• How does Agatha Christie demonstrate her own knowledge of poisons?
  • What happens to the dog Bob? Does he feature at all in later books?
  • If Bob could talk.... Would he have been able to say who murdered Emily?

My rating: 4.5

See my list of Agatha Christie novels

1 April 2023

Review: FLIGHT RISK, Michael McGuire

Synopsis (publisher

Disgraced former pilot Ted Anderson works for a top-secret government organisation set up to investigate terror-related incidents. Sent to Jakarta to find out as much as he can about the pilot of a vanished Garuda flight, he discovers a flight simulator in the pilot's apartment.

When the investigation turns sour, Ted escapes to New York as further disaster strikes.

Another plane disappears from the sky. Then another. Three planes and hundreds of passengers and crew, vanished, without a trace. Panic is widespread and the world is teetering on the brink.

Still no one has come forward to claim responsibility.

At an eerily deserted JFK airport trying to get a flight back home, Ted witnesses a suspicious exchange between an airport cleaner and a nonchalant airline pilot. He follows the pilot to his destination: a Ukraine International Airlines flight, due to leave in an hour.

All his instincts tell Ted that this is the next plane to go down. But what on earth can he do? Take the flight and face almost certain death? Or fly back home and wait for the news headlines?

He does the unthinkable and gets on the plane.

Astoundingly original and utterly gripping, Flight Risk is a white-knuckle ride of nonstop suspense - a high-octane thriller full of pure adrenaline, explosive action and jaw-dropping revelations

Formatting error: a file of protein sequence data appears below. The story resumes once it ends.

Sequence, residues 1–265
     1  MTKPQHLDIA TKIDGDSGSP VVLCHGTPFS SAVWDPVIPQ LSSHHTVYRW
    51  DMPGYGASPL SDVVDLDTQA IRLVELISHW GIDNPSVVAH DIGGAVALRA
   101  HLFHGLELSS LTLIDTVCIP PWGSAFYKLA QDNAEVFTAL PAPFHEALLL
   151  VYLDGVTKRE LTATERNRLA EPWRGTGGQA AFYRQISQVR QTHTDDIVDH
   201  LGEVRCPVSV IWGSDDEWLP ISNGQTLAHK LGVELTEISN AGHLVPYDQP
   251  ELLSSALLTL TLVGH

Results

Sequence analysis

My Take

This novel is certainly a page turner.

It is one of the books chosen for the monthly book group that I belong to, mainly because the author is from Adelaide.

One of the greatest mysteries of aviation history happened on March 8, 2014. Malaysia Airlines MH370 went missing on a flight from Kuala Lumpur to Beijing. The plane left its programmed flight path and headed south towards the Indian Ocean. Over the years Australian aviation authorities, among others, have spent a lot of time and energy on working out what happened to this plane, and finding its final resting place. There have been tv programmes about it. My recollection of that latest one I saw is that it is thought the pilot deliberately took the plane off course and eventually crashed it. The remains are supposedly somewhere off the West Australian coast. Bits and pieces have been found.

FLIGHT RISK reminded me of that event. And what if, instead of just one plane, there were four? And what if, in true Agatha Christie style, there was a mastermind behind it all? I won't say any more. I will let you discover the plot yourself.

One of the things McGuire makes you think about is how the pilot could get away with an event like this. Why wasn't he overwhelmed by other crew and passengers? Read the book to explore this scenario. Will you ever get on a plane again?

My rating: 4.5

About the author

Born in Glasgow in 1971, Michael McGuire moved to South Australia with his family at the age of 10.

Michael has worked as a journalist in Sydney and Adelaide for The Australian, The Sunday Mail and The Advertiser, with a couple of forays into the state and federal politics as an advisor.

Michael is married to Rachel and they have two children, Tom and Ruby. NEVER A TRUE WORD, his first novel, is a satire about politics and was published in March 2017 by Wakefield Press.